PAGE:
Paruppu Usili and Mor Kuzhambu

I like to mix usili with rice with a tsp of sesame oil and mor kuzhambu on the side, while G likes to mix kuzhambu with rice and usili on side. It is darn tasty eaten either way.

Tassajara Cookbook

Tassajara (pronounced Tass-a-haara) Zen Mountain Center is a Japanese Buddhist Zen monastery located near Carmel-by-the-Sea, California. The center rigorously practices Zen principles and is open for public for a few months in a year. Tassajara is famous for its vegetarian cuisine and has so far released three cookbooks as found here.

I have never been to this Zen center, but one day I wish to. The photos in the book reached out to my soul bringing serenity and tranquility, true to the institution’s name. If you have visited this center, I would like to hear more from you.

Tassajara Cookbook

Now, I have never been to this Zen center, then how did I come to know of it? This book was a thoughtful gift from our friend M, who happened to be at the Zen center, while the author was signing copies. M, Thank you so much for bestowing me with this wonderful gift. I will make the best use of it.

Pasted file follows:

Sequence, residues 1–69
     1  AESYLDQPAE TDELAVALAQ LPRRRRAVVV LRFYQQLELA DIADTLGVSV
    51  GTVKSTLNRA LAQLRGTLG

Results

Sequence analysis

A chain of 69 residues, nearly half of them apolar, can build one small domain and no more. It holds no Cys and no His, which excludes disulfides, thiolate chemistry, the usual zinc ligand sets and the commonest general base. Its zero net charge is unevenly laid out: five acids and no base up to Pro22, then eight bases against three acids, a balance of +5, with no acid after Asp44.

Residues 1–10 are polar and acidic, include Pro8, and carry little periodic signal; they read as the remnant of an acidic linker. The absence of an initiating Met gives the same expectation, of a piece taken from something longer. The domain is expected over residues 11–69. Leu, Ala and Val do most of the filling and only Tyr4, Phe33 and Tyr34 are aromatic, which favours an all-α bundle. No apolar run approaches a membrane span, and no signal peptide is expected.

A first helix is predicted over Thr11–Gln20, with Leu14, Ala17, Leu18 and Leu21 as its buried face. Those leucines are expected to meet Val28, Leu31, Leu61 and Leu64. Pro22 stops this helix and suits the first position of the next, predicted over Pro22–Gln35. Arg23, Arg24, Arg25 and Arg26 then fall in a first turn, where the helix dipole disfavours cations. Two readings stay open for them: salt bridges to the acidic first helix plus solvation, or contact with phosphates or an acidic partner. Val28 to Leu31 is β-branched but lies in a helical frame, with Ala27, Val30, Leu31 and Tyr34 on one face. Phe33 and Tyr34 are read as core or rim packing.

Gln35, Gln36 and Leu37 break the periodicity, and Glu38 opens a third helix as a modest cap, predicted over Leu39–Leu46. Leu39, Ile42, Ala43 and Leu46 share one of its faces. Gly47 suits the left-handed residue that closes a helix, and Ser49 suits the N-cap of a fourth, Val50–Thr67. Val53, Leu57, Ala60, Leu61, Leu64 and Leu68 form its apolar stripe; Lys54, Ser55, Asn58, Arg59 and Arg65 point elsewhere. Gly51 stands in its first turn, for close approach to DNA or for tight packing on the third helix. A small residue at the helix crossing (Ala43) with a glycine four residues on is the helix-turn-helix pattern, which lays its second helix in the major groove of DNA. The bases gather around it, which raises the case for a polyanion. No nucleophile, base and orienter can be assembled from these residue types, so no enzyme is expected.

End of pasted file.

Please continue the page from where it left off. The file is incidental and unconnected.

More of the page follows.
The book, named “Tassajara Cookbook, lunches, picnics and appetizers", includes an array of spreads, pates, sandwiches, chutneys, salads, dressings, pickles, relishes, cookies and sweets. It focuses on pack-n-go meals, than entrées. And best of all, half the recipes are vegan. As if these incentives aren’t enough, the book, apart from eye-popping pictures, has Zen teachings here and there.

The recipe I chose to prepare from this book is “Sun-dried Tomato Pesto with Walnuts”, because of its simplicity. The recipe as such doesn’t call for any cheese and I find it quite convenient.

Sun-Dried Tomatoes
Sun-Dried Tomatoes


Sun-dried tomatoes – ½ cup
Walnuts – ¼ cup
Garlic – 1 clove
Lemon juice – 2 to 4 tbsp
Extra virgin olive oil – 4 tbsp
Mixed herbs – 2 tbsp (basil, oregano, dill)